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Rachel Whiteread’s House Essay

The meaning of public art is a constant source of debate. For the side that believes in its ability to foster community dialogue, and of which I am a member, public art can be an engaging and thought-provoking catalyst on the state of reality. Then there are those who for a variety of reasons believe that art is a private affair and should only be perused and discussed within the gentle confines of galleries, studios, and museums. The problem for both sides is that neither perspective remains static because art, both public and private, has to be evaluated in the social context in which it was both produced and displayed.

Rachel Whiteread’s public spectacle, House, provides an excellent opening of the debate. In an interesting twist and public relations coup, House won both the prestigious Turner Award for best artist as well as the satirical K Foundation’s Worst Artist of the Year Award for Ms. Whiteread. This fact illustrates the wide-ranging and controversial nature of her concrete cast of a London East-Side housing tenement. Ms. Whiteread herself was confounded by her newfound notoriety.

She commented on the unique situation in a 2007 Guardian Magazine. “I was used to making work in the studio. With this, everything was immediately very public and people had their say at once. I had to take a deep breath and step aside” (Higgins). It was clear to both her and the receiving public and critics that her artwork had struck a latent chord in the community and that in doing so the artwork itself took on a new life of its own upon its unveiling. This is the most important distinction between private and public art.

In both form and function, House epitomizes the capacity of public art as a conduit for social commentary. It sheer size and gray concrete blocks, window frames, and wiring gave the piece an immensity of scale that was hard to ignore. I agree with New York Times art writer Roberta Smith when she effectively describes House as being ‘not abstract, but rather a mute and ghostly version of reality’ (Smith, 1). It both reflected and re-imagined Ms. Whiteread’s perspective of the current state of her society. Complementing its visual aesthetic is the fact that Ms.

Whiteread chose to build it in a run-down neighborhood reflects an interest in preserving and remodeling older neighborhoods as opposed to the destruction and then construction of new artifices. It acts as both a commentary on the social circumstances of urban decay as well as a critique of the prevailing public policy towards low-income livelihood. House would not have created such a vast impact and controversy if it had been constructed in a private setting, such as a gallery or a museum as opposed to the streets of London’s East End.

Public art and House in particular carries such great weight precisely because of its existence in the public domain. Public art literally presents itself equally to the everyday citizen walking a pet as it does to the art connoisseur. The audience does not even necessarily have to consider or acknowledge that it is, in fact, a piece of art. In a certain sense, public art democratizes the act of art appreciation (or the contempt for art as the case may be). That House received such conflicting responses speaks to heart of the debate surrounding art in general, and public art especially.

Some people believe that art shouldn’t stray away from its designated institutions because of art’s ability to provoke intense reactions. There is validity to this perspective, especially in regard to the habits of some artists that can only provoke responses through vulgarity and shock tactics. There are those people who believe only in ‘high-art’. They too argue that capital-A Art should remain in fine art museums and galleries for fear of art being destroyed or vandalized in the public sphere.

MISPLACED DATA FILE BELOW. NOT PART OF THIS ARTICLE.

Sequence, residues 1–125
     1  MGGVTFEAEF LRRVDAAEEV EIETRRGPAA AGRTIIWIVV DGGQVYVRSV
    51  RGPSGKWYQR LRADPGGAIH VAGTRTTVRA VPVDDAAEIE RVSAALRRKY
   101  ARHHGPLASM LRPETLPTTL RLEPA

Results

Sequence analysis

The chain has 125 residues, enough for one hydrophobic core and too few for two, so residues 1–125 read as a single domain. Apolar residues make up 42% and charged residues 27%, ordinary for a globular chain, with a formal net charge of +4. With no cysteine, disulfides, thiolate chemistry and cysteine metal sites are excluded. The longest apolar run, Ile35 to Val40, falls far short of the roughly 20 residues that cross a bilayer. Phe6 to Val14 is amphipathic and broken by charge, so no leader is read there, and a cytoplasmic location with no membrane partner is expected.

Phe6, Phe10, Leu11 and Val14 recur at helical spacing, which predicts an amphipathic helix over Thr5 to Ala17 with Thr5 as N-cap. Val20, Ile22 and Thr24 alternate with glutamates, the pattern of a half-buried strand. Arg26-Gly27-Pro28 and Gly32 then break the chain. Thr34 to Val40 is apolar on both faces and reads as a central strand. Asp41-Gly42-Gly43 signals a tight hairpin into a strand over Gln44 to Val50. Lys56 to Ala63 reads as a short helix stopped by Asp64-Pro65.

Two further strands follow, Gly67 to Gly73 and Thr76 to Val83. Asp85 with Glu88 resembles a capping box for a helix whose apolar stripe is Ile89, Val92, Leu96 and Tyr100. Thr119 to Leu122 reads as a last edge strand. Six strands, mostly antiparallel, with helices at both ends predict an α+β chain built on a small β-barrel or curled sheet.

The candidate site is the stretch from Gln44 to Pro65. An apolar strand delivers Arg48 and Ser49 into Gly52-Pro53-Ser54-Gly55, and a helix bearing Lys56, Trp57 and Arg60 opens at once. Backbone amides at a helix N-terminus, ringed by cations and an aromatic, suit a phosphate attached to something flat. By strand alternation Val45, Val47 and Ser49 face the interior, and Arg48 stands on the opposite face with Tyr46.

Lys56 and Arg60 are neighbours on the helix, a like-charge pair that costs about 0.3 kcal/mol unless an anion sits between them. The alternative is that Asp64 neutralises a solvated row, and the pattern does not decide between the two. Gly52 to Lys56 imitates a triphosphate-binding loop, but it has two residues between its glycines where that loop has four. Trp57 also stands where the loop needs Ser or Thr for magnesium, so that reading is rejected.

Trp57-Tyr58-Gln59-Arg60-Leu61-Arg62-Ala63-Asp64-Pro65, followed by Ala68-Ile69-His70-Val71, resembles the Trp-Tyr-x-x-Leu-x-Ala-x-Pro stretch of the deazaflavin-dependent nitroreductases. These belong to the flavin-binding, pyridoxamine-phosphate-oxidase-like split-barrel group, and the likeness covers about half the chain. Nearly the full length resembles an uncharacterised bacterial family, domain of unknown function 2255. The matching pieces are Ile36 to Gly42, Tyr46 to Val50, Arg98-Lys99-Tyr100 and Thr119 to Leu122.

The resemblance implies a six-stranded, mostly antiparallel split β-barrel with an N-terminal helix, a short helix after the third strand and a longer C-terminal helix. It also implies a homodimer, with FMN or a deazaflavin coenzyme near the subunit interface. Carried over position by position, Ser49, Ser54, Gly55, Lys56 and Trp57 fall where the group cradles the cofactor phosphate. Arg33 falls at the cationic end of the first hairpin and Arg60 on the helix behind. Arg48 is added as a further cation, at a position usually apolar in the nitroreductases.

These patrons of the Arts also maintain an elitism that holds that only certain sectors of society should be able to decide the value and merits of Art for they are the ones with the discerning class and taste. Coincidentally, these two anti-public art positions effectively create a chasm between themselves. This weakening of unity can be evidenced by the huge swelling of support in favor of keeping House as a public installation beyond its original destruction date. Over 3,300 signatures were rounded up and filed in a petition to House of Commons in the Parliament fighting for its right to existence.

In the end, the House voted against the petition by a single vote, that of House member Mr. Flounders, who made the true enough argument that just because some people liked and supported the exhibit, that did not mean that everybody like it (Smith, 2). The fact that the debate reached the level of Parliament is a testament to the audacity of the project and the reactions it stirred. There is no such thing as the True meaning of House, or for public art in general. Personally I think that is arts most invigorating aspect. In both form and function, art can speak, even silently, of and to the conditions which produced it.

Public art can transcend the normal boundaries of the official art institutions in ways that even the artist cannot predict, as in Ms. Whiteread’s production. With that being the case, let the debate rage on for the greater benefit of the creative collective conscious. References Higgins, C. (2007). Rachel Whiteread Turner Prize Winner 1993. The Guardian. Retrieved November 20, 2008, from http://www. guardian. co. uk/artanddesign/2007/sep/08/art10 Smith, R. (2003). The Best of Sculptors, the Worst of Sculptors. The New York Times. Retrieved November 20, 2008, from http://query. nytimes. com/gst/fullpage. html


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